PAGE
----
Through the barrage of attempted soundbites and cheap insults that TV companies and politicians have tried to pass off in recent weeks as electioneering debates, one fact has impressed me.
That is, if we accept these audiences as representative, what a nation of moaners we are. I have watched more of these debates than is good for my sanity and almost every question was a hard-luck story of what were politicians going to do for the questioner and/or their section of society, job or profession.
I don’t think anyone suggested what they might do for themselves or society, how they might take more control of their own life. And politicians, wise to the game, have played it to the full by trying to top each other in seeing who could offer most jam tomorrow.
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Not one politician has committed professional suicide by taking a deep breath and saying: “Have you ever thought of trying to do something to help yourself?” How good would it be if we became known for hard work, self-reliance and taking responsibility rather than moaning about how much help we need?’
Farmers, I suggest, are known for all three of the above qualities. We all know exceptions, but hard work, self-reliance and taking responsibility are the rule as farmers cope with the uncertainties of weather, pests and diseases, markets for their products and now Brexit. Unfortunately, they’re also noted for moaning.
It has always struck me as strange that an industry with so many forward-thinking entrepreneurs, some making large profits because of their skills and innovations, should be known to the public mainly for moaning that it can’t survive without £3 billion-plus of annual subsidies.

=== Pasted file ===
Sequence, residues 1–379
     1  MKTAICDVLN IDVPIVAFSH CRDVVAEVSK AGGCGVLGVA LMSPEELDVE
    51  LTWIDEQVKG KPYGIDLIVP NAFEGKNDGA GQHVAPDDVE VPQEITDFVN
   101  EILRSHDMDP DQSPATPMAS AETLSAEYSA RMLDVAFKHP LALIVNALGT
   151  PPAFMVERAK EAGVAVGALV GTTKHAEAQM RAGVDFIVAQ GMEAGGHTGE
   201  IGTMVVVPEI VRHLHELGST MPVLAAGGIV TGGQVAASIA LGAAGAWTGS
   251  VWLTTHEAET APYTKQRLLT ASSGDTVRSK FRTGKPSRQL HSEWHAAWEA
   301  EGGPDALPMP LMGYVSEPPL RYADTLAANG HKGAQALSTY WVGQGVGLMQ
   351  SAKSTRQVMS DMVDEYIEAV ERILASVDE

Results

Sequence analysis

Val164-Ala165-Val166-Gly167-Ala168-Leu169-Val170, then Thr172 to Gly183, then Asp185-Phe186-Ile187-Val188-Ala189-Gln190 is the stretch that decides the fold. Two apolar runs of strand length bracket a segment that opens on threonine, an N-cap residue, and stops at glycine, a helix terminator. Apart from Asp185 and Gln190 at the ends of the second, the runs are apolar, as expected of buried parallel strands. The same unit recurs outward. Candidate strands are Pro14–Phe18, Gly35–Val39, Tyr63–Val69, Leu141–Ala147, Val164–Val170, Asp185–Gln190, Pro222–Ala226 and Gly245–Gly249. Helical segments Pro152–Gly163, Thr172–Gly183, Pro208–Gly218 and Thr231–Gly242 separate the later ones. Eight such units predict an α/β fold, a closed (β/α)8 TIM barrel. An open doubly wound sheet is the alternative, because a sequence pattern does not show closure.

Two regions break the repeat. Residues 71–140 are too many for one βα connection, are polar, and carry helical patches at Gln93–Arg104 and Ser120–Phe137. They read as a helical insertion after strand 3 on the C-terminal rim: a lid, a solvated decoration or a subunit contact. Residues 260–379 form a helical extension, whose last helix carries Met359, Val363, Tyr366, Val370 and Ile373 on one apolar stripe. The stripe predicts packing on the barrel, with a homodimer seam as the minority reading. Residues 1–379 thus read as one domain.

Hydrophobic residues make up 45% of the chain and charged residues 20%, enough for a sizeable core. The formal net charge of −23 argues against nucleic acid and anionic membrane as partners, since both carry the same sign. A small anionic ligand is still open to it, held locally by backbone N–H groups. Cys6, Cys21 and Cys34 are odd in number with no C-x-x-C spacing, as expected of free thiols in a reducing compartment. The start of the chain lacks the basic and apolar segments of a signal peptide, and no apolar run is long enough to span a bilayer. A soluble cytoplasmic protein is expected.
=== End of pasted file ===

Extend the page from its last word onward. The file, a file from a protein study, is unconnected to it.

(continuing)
It has also always struck me that the farmers complaining least, many not at all, are the ones who have built successful businesses from small beginnings, frequently in the non- subsidised or least-subsidised sectors. Vegetables, poultry, pigs, potatoes and dairying spring to mind.
Others have built on a solid framework laid by one, sometimes two, previous generations to, for example, sell millions of eggs or hundreds of tonnes of quality soft fruit through supermarkets, grow thousands of acres of potatoes instead of dozens, manage and contract farm 10,000 acres or more, manage
several thousand ewes and thousands of cattle.
It can be argued that this inexorable and inevitable trend towards fewer and bigger farming businesses is not necessarily a good thing. It can also be argued that economy of scale is the only way ahead for an industry as a whole that can’t expect to rely on subsidies in future.
Looked at closely, it is also clear that many of the most successful businesses are the modern version of the family farm. These are the large businesses that will survive and thrive whatever happens with Brexit, but the encouraging thing is that there are also smaller examples of what can be done. Their stories can be found in the feature section of any farming magazine a few pages after the opening section of farming’s troubles, National Farmers Union demands and “Who’ll help us” letters.
There are thousands of farmers trying to help themselves just as, I suspect, there are millions of us dealing with our own problems by adjusting expectations to income, working hard, thinking ahead, finding new ways of dealing with life and not expecting a handout or a subsidy. We just don’t hear enough about them.
There is no alternative for us all. Whatever government the UK has after Thursday and whatever promises have been made, there won’t be enough money to meet all moans. When Brexit is complete, farming subsidies will be lower than now.
Farmers can either quit or become more efficient. An example – as it has been for years – is Quality Meat Scotland’s profitability report for sheep and cattle. Year after year QMS finds that those in the top third for gross margins rear more meat per breeding female, sell their store animals for higher prices per kilo of liveweight and also their finished animals.
In short, they’re better at what they do. And they probably moan less.